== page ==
• Have friends and family nearby. Your friends and family want nothing more but for you to be treated so most likely they will be there for you every step of the way.
  • Create a circle of sober people. When being social make sure that the people around you are living the lifestyle you are seeking. That means stay away from any social gathering that involves drugs of any kind. This may include a church, civic organization, volunteer work or community events.
  • Consider living at a sober living house. A sober living house can provide you with an environment that is drug free and with support that is readily available 24/7 for anything you need.
  • Attend all meetings with treatment groups. Joining a treatment group and attending each meeting will help you understand that you are not alone and learn how other people are healing.

 

Step 4 for Drug Addiction Treatment: Teach yourself how to deal with stress

After you have been treated with drug addiction, you still need to understand how you will deal with stress. Many times people begin using drugs to escape reality when stressed that may involve painful emotions. When you have been treated, the negative cogitations that created your drug use will resurface and you must know how to overcome them.

Stress, loneliness, anxiety and other negative emotions wil still be around, even after you have recovers. But you will be in a better place than when you were with your drug abuse, just make sure to understand when these emotions happen and how to take care of them

There are many ways to deal with stress rather than abusing drugs. It may feel somewhat off but once you get into the groove of things it will become second nature. Here are a few things you can do to relieve stress:

  • Go to the gym and exercise. This will release endorphins, which relieves stress and helps with your mental stability.
  • Take a step into the sun and enjoy the warmth and fresh air.
  • Meditate or do some yoga.
  • Have some fun with a pet like your dog, cat, bird or fish.
  • Listen to some calming tunes.
  • Enjoy a scented candle.
  • Savor your favorite scent such as flowers, coffee beans or a scent that reminds you of a happy thought.
  • Imagine you are at a relaxing place such as a beach, the mountains or relive a fond memory.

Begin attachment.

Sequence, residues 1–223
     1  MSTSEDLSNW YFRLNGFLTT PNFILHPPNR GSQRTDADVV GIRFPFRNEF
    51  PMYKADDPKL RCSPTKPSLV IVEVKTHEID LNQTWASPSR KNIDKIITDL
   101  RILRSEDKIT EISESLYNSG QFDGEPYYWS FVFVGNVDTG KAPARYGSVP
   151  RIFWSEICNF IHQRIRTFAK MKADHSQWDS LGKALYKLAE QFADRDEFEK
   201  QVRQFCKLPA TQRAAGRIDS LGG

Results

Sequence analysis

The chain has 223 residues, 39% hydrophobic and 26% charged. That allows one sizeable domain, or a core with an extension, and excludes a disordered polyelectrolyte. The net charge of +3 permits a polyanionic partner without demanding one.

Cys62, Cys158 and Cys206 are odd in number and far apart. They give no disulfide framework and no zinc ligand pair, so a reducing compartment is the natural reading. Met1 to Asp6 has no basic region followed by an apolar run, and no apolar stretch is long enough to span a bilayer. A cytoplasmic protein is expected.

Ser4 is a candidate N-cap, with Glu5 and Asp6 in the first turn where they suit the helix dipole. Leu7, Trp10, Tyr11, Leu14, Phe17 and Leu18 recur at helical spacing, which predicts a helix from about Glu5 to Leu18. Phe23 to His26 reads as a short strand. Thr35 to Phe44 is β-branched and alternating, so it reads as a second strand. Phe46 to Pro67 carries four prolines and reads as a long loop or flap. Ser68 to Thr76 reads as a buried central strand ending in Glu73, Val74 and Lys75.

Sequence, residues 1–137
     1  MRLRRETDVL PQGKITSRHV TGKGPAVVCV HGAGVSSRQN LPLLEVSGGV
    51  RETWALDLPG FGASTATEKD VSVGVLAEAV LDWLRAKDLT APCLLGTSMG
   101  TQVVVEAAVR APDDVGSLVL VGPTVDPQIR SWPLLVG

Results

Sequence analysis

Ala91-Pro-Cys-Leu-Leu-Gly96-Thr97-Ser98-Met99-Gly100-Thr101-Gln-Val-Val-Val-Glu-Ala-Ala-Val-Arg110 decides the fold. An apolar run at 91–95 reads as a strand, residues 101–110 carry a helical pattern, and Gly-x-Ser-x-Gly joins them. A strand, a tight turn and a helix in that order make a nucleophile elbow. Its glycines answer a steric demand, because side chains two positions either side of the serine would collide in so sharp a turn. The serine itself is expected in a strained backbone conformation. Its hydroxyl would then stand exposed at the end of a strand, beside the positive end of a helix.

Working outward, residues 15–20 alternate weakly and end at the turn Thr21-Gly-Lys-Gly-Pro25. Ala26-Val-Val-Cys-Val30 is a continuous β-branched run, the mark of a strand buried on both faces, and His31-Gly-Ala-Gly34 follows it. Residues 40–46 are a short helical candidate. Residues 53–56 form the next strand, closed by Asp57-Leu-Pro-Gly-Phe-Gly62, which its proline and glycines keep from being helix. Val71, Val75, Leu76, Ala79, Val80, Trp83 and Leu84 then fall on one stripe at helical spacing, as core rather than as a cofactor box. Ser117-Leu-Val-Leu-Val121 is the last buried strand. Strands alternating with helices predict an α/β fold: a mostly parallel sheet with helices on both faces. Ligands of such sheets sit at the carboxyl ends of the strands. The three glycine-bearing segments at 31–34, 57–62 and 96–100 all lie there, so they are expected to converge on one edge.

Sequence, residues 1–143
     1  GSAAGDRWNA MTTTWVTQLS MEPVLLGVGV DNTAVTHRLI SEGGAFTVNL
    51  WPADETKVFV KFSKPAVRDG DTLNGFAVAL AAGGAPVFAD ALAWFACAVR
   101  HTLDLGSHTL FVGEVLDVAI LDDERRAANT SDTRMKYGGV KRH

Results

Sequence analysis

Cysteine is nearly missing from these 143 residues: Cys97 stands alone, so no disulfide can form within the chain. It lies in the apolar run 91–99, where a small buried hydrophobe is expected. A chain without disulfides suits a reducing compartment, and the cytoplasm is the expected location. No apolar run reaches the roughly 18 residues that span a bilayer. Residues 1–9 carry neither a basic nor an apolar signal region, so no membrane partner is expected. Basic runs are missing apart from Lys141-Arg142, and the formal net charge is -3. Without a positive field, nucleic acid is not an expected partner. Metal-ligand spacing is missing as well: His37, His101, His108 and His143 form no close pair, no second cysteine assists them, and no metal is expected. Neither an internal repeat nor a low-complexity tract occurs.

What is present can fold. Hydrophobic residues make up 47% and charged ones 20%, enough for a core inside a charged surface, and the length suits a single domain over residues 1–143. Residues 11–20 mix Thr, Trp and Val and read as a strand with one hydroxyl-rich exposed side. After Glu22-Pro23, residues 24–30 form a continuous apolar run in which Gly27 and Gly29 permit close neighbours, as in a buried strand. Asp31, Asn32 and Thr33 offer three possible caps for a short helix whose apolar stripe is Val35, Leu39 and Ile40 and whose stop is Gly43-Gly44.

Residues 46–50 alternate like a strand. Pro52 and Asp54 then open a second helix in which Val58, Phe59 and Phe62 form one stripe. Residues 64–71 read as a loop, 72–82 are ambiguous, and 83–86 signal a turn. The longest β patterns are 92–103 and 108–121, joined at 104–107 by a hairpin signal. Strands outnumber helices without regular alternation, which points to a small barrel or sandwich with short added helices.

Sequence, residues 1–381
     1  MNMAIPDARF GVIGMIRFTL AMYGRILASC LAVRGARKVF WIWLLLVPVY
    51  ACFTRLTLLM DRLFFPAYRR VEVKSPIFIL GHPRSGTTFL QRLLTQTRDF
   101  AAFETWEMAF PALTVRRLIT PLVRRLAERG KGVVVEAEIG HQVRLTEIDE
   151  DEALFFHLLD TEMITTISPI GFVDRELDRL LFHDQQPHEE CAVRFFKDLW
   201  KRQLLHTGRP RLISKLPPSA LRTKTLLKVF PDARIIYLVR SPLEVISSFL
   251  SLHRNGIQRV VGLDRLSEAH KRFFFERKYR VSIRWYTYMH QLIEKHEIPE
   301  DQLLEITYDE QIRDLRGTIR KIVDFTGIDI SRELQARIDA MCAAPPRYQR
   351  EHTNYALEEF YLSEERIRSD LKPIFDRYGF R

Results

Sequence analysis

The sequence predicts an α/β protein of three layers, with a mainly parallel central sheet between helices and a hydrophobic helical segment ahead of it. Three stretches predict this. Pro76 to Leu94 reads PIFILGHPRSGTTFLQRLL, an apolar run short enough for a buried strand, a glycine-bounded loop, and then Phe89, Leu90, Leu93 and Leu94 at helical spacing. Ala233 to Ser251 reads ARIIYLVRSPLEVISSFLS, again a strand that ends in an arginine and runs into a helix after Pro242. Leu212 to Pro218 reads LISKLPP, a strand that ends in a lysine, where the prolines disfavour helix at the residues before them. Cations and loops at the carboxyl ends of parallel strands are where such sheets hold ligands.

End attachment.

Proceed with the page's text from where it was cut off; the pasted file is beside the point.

• Enjoy a cup of coffee or tea.
  • Soak in the shower or tub with low lighting.

 

Step 5 for Drug Addiction Treatment: Leave all triggers and cravings behind you

When you are trying to reach full sobriety there will be many triggers and cravings that will arise in your everyday life. Sometimes they may be mental, physical or simply a situation or object the reminds you of drug use.  Make a conscious effort to leave all of those cravings and triggers behind you in the past. Here are several common triggers and craving situations:

  • Being with your drug friends. Many times you may have done drugs with a drug buddy and they are still abusing drugs. Do not surround yourself with those people and stay away from any situation that me involve them.
  • Stay away from clubs and bars, even if you do not have a history of alcohol abuse. Many time a bar or club will trigger an old memory that may have involved drugs and you may quickly relapse.
  • Do not hide your drug history when receiving medical attention. If you are receiving dental treatment or visiting the doctor, be real with them and tell them your past history with drug use. Never feel that you need to hide it because they may need to customize your medical attention.
  • Take prescribed drugs with caution. If you think taking a prescribed drug may make you relapse, make sure to address that to your physician and most likely there are alternatives.

 

Step 6 for Drug Addiction Treatment: Creating a drug-free life

Create a drug-free lifestyle and environment through different things to become involved with in your everyday life. Here are a few things you may want to consider when you are creating your new life:

  • Have a new hobby
  • Adopt a pet
  • Become involved with the community
  • Join a club or organization
  • Create meaningful goals and work towards them daily
  • Become health conscious through exercise and eating habits

 

Step 7 for Drug Addiction treatment: Never let relapse interfere

Relapse is one of the most common parts of any drug users treatment. You may quickly become frustrated or discouraged if relapse happens, but this can be a time to validate your treatment process and understand the mistakes you made.

Always take into consideration that relapse does not mean you failed at treatment. Do not give into the relapse and give up to your old ways. Make sure to call a treatment center, support system, therapist or go to a recovery meeting. Once you have become completely sober again, look back at what created the craving or the trigger that created the relapse and think about what you could have done differently. You can either choose to go back down the wrong path again or created an even stronger commitment towards sobriety.